Had the Chinese Colonized America
Franklin Hiram King, in 1911 tome, Farmers of Forty Centuries: Organic Farming in China, Korea, and Japan (originally titled Farmers of Forty Centuries; Or, Permanent Agriculture in China, Korea, and Japan), writes:
- Had the Mongolian races spread to and developed in North America instead of, or as well as, in eastern Asia, there might have been a Grand Canal..., from the Rio Grande to the mouth of the Ohio river and from the Mississippi to Chesapeake Bay, constituting more than two thousand miles of inland water-way, serving commerce, holding up and redistributing both the run-off water and the wasting fertility of soil erosion, spreading them over 200,000 square miles of thoroughly canalized coastal plains, so many of which are now impoverished lands, made so by the intolerable waste of a vaunted civilization. And who shall venture to enumerate the increase in the tonnage of sugar, bales of cotton, sacks of rice, boxes of oranges, baskets of peaches, and in the trainloads of cabbage, tomatoes and celery such husbanding would make possible through all time; or number the increased millions these could feed and clothe? We may prohibit the exportation of our phosphorus, grind our limestone, and apply them to our fields, but this alone is only temporizing with the future. The more we produce, the more numerous our millions, the faster must present practices speed the waste to the sea, from whence neither money nor prayer can call them back.
If the United States is to endure; if we shall project our history even through four or five thousand years as the Mongolian nations have done, and if that history shall be written in continuous peace, free from periods of wide-spread famine or pestilence, this nation must orient itself; it must square its practices with a conservation of resources which can make endurance possible. Intensifying cultural methods but intensifies the digestion, assimilation and exhaustion of the surface soil, from which life springs. Multiple cropping, closer stands on the ground and stronger growth, all mean the transpiration of much more water per acre through the crops, and this can only be rendered possible through a redistribution of the run-off and the adoption of irrigation practices in humid climates where water exists in abundance. Sooner or later we must adopt a national policy which shall more completely conserve our water resources, utilizing them not only for power and transportation, but primarily for the maintenance of soil fertility and greater crop production through supplemental irrigation, and all these great national interests should be considered collectively, broadly, and with a view to the fullest and best possible coordination. China, Korea and Japan long ago struck the keynote of permanent agriculture but the time has now come when they can and will make great improvements, and it remains for us and other nations to profit by their experience, to adopt and adapt what is good in their practice and help in a world movement for the introduction of new and improved methods.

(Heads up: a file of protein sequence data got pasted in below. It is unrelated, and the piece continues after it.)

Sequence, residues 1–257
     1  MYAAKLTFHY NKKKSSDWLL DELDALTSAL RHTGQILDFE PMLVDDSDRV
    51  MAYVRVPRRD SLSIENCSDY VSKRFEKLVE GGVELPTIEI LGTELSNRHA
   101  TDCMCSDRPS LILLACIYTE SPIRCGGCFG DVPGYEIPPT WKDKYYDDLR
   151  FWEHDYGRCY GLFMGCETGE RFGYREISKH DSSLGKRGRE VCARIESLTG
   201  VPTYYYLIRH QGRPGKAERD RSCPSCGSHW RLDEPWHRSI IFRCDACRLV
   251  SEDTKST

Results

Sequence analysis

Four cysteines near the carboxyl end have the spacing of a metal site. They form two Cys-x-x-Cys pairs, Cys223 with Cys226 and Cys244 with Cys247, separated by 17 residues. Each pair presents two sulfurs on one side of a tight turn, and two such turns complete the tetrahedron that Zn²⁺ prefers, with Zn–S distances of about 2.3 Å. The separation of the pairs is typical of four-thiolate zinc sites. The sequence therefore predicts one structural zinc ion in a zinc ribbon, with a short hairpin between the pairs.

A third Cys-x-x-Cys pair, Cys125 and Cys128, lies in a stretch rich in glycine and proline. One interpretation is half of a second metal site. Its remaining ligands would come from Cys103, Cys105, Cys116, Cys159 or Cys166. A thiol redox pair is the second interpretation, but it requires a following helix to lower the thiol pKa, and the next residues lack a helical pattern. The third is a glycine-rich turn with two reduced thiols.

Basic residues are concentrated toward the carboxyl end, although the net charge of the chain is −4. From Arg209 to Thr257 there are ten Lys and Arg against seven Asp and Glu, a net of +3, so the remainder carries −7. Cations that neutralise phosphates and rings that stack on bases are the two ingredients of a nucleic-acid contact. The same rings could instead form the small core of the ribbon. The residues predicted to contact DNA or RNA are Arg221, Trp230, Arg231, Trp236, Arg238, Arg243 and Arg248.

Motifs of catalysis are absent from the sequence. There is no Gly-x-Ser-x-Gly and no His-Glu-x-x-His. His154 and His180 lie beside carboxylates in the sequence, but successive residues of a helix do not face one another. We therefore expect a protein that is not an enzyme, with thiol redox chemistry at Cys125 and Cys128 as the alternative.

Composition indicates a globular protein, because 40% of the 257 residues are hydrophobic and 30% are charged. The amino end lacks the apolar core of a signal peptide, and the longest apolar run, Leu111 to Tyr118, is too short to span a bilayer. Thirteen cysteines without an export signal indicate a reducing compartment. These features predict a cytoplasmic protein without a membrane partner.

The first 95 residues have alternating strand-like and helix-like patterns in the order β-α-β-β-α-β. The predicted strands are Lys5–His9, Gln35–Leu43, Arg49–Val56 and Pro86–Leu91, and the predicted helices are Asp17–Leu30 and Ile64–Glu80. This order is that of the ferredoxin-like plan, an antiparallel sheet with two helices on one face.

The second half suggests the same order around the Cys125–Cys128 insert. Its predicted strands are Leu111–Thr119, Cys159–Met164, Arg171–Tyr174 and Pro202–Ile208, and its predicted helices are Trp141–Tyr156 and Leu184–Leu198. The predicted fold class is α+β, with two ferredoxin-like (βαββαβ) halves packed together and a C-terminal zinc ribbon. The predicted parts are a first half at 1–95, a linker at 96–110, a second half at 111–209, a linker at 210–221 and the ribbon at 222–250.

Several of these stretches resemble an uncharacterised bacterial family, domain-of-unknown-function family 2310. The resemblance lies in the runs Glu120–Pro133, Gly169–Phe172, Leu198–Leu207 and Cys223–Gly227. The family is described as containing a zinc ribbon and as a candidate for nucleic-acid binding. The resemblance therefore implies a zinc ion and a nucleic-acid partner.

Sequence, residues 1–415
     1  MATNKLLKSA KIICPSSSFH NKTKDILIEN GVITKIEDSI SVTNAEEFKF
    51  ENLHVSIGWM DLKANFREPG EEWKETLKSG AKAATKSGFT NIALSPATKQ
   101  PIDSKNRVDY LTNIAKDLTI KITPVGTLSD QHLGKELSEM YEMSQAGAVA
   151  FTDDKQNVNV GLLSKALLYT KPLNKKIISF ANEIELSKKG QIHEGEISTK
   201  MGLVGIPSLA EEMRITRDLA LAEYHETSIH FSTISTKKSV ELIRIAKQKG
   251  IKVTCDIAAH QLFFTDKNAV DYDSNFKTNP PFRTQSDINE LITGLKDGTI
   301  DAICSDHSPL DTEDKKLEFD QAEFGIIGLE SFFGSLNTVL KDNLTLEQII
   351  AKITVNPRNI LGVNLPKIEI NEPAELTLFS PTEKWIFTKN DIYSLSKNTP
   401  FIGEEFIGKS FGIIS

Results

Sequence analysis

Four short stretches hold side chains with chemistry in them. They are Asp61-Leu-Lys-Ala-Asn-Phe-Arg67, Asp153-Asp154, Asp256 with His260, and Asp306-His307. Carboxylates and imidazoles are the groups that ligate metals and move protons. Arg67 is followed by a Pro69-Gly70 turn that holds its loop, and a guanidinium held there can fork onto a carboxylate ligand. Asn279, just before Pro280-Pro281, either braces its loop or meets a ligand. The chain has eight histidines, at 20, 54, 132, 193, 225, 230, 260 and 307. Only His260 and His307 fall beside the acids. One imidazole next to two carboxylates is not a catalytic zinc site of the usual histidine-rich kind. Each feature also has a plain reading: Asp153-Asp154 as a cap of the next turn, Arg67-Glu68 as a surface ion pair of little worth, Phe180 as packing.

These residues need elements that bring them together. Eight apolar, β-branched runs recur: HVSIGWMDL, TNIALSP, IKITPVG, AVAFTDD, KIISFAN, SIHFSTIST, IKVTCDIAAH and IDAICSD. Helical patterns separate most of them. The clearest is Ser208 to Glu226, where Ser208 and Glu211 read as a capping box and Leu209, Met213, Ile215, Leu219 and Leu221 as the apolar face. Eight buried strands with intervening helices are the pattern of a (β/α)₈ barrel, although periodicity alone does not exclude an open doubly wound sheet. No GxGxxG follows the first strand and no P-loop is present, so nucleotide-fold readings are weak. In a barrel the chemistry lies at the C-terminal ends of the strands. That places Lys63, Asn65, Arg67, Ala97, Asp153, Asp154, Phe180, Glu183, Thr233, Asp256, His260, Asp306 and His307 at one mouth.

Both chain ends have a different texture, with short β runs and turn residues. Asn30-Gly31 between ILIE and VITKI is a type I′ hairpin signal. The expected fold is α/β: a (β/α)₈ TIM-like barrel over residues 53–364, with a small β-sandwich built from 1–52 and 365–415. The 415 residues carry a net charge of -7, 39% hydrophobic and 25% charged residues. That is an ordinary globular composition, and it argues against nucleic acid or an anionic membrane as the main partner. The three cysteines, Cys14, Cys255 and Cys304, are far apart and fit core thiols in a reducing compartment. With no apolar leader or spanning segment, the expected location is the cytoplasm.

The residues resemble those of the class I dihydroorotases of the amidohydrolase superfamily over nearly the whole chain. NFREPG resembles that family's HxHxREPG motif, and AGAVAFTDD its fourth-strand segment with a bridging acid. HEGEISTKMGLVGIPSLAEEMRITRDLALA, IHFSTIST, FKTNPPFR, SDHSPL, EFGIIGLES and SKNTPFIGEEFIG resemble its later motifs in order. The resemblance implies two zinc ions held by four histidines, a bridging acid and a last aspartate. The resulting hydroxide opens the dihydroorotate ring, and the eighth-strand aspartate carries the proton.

In selecting rice as their staple crop; in developing and maintaining their systems of combined irrigation and drainage, notwithstanding they have a large summer rainfall; in their systems of multiple cropping; in their extensive and persistent use of legumes; in their rotations for green manure to maintain the humus of their soils and for composting; and in the almost religious fidelity with which they have returned to their fields every form of waste which can replace plant food removed by the crops, these nations have demonstrated a grasp of essentials and of fundamental principles which may well cause western nations to pause and reflect.